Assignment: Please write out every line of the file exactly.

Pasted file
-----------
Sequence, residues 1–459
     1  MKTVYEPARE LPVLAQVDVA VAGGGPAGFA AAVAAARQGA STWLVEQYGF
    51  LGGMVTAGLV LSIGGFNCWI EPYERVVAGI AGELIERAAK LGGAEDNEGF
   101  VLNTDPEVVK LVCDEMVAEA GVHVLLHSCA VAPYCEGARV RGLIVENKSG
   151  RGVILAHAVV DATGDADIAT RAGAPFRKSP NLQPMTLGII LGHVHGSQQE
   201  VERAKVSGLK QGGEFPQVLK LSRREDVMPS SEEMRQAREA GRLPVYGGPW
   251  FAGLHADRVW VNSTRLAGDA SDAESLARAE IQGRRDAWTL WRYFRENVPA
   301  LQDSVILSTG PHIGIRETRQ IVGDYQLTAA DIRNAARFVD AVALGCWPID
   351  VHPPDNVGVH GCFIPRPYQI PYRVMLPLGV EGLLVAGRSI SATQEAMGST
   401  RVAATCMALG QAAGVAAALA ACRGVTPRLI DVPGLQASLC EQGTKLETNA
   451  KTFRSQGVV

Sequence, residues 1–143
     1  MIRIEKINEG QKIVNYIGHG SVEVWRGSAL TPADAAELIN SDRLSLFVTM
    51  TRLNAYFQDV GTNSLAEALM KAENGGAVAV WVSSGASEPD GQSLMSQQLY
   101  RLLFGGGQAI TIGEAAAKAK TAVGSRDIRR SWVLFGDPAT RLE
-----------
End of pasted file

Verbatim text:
Sequence, residues 1–459
     1  MKTVYEPARE LPVLAQVDVA VAGGGPAGFA AAVAAARQGA STWLVEQYGF
    51  LGGMVTAGLV LSIGGFNCWI EPYERVVAGI AGELIERAAK LGGAEDNEGF
   101  VLNTDPEVVK LVCDEMVAEA GVHVLLHSCA VAPYCEGARV RGLIVENKSG
   151  RGVILAHAVV DATGDADIAT RAGAPFRKSP NLQPMTLGII LGHVHGSQQE
   201  VERAKVSGLK QGGEFPQVLK LSRREDVMPS SEEMRQAREA GRLPVYGGPW
   251  FAGLHADRVW VNSTRLAGDA SDAESLARAE IQGRRDAWTL WRYFRENVPA
   301  LQDSVILSTG PHIGIRETRQ IVGDYQLTAA DIRNAARFVD AVALGCWPID
   351  VHPPDNVGVH GCFIPRPYQI PYRVMLPLGV EGLLVAGRSI SATQEAMGST
   401  RVAATCMALG QAAGVAAALA ACRGVTPRLI DVPGLQASLC EQGTKLETNA
   451  KTFRSQGVV

Sequence, residues 1–143
     1  MIRIEKINEG QKIVNYIGHG SVEVWRGSAL TPADAAELIN SDRLSLFVTM
    51  TRLNAYFQDV GTNSLAEALM KAENGGAVAV WVSSGASEPD GQSLMSQQLY
   101  RLLFGGGQAI TIGEAAAKAK TAVGSRDIRR SWVLFGDPAT RLE